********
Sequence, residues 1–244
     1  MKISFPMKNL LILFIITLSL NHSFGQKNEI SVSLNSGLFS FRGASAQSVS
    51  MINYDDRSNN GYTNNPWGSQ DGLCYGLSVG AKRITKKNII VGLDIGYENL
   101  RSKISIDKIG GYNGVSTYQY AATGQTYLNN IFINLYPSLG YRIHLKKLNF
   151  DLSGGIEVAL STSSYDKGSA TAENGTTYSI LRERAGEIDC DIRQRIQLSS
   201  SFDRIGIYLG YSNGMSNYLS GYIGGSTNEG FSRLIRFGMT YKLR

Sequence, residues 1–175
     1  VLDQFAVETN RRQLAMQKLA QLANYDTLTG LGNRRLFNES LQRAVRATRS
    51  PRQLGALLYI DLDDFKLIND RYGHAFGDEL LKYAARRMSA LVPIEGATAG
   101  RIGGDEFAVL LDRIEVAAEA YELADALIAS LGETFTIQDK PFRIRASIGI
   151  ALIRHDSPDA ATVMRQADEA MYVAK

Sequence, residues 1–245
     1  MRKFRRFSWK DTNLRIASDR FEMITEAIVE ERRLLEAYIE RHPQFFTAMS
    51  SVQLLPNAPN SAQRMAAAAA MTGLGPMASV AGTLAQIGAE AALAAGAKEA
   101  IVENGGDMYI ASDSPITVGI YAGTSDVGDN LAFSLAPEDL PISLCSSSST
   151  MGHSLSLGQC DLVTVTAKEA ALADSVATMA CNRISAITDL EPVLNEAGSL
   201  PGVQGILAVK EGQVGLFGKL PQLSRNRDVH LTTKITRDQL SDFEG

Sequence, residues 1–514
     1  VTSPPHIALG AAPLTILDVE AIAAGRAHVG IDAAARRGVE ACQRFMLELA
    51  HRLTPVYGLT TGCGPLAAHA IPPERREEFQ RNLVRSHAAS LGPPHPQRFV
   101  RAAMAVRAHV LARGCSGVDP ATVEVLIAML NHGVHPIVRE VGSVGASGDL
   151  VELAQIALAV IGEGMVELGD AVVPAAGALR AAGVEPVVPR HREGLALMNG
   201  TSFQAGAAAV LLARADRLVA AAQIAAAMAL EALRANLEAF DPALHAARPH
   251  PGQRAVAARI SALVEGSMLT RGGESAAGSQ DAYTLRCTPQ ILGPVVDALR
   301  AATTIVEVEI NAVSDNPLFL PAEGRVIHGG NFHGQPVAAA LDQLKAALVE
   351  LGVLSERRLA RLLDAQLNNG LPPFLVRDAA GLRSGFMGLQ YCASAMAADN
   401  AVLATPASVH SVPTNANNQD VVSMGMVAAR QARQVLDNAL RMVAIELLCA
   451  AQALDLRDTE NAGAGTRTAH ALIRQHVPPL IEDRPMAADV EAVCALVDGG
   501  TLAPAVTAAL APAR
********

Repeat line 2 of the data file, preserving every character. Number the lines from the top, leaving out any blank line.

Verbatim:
     1  MKISFPMKNL LILFIITLSL NHSFGQKNEI SVSLNSGLFS FRGASAQSVS